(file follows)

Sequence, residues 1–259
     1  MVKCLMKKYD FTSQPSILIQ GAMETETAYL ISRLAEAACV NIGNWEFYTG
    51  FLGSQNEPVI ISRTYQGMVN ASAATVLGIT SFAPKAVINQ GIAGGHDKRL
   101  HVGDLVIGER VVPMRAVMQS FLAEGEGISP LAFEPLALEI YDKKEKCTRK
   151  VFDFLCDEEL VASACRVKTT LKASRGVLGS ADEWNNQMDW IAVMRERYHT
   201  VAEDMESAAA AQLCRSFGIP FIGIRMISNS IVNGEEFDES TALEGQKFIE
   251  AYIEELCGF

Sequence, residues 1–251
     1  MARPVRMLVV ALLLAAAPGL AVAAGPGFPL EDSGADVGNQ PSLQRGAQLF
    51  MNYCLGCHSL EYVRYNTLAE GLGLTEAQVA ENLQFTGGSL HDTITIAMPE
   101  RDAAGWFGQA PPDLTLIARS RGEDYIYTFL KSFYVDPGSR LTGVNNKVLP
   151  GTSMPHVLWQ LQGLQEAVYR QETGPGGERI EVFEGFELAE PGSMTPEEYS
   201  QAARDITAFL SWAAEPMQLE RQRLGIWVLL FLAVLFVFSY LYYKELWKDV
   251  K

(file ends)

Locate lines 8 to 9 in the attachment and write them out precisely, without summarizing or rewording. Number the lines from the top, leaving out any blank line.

Sequence, residues 1–251
     1  MARPVRMLVV ALLLAAAPGL AVAAGPGFPL EDSGADVGNQ PSLQRGAQLF